A federal appeals court has ruled that class status was properly granted to Ohio consumers who claimed they experienced mold contamination as a result of defectively designed Whirlpool front-load washers. The 6th Circuit Court of Appeals has affirmed the lower court’s order in that regard. The case involved multidistrict litigation concerning alleged design defects in certain Duet-style front-load washing machines made by Whirlpool. The Plaintiffs are Ohio residents who alleged that the Duets fail to prevent or eliminate the accumulation of mold-causing residue, causing the growth of mold and mildew in the machines, ruined laundry and malodorous homes.
In opposing the certification of a class of current Ohio residents who purchased one of the specified Duets, Whirlpool argued that the incidence of mold problems was rare and that individual questions of liability precluded class treatment. But the Sixth Circuit concluded that the Plaintiffs met the federal requirements for class certification with respect to their claims for tortious breach of warranty, negligent design and negligent failure to warn. The Court said in its order:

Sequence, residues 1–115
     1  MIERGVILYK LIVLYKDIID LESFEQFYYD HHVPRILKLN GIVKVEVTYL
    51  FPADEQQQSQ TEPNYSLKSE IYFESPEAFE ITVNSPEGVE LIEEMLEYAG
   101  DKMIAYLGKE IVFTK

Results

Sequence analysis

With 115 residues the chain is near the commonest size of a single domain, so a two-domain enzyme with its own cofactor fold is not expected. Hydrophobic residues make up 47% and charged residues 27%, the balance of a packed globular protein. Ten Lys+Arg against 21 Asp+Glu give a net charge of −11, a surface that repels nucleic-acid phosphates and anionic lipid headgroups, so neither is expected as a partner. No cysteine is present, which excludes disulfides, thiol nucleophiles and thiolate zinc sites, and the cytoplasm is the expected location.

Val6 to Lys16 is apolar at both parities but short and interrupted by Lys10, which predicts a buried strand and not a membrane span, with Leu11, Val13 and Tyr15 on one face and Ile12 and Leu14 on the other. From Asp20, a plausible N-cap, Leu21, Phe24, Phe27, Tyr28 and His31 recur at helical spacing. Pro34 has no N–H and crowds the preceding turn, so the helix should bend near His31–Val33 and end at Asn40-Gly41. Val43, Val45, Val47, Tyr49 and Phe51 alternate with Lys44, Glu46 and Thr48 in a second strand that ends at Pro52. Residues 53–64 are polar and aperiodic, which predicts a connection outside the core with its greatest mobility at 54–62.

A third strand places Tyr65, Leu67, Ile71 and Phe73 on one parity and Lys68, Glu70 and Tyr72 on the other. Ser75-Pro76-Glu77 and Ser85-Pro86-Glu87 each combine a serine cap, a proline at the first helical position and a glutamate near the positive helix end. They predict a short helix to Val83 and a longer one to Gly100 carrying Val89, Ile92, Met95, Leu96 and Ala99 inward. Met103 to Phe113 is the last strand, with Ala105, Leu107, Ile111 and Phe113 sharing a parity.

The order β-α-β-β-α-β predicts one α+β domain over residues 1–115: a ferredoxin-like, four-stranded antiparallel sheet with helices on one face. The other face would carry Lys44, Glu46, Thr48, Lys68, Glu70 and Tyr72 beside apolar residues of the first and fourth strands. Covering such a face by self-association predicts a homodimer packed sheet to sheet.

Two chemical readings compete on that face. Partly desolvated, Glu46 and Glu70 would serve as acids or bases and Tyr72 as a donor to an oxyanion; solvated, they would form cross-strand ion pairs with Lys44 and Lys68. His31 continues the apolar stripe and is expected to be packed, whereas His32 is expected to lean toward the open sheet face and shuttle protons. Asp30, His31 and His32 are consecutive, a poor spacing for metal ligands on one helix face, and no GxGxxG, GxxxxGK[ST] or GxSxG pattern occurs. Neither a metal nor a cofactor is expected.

Based on the evidentiary record, the district court properly concluded that whether design defects in the Duets proximately caused mold or mildew to grow and whether Whirlpool adequately warned consumers about the propensity for mold growth are liability issues common to the plaintiff class. These issues are capable of classwide resolution because they are central to the validity of each plaintiff’s legal claims and they will generate common answers likely to drive the resolution of the lawsuit.
We will continue to monitor this case and will update its status in future issues. The case is Glazer v. Whirlpool Corp., U.S. Court of Appeals, 6th Circuit , No. 10-4188.
Source: Lawyers USA Online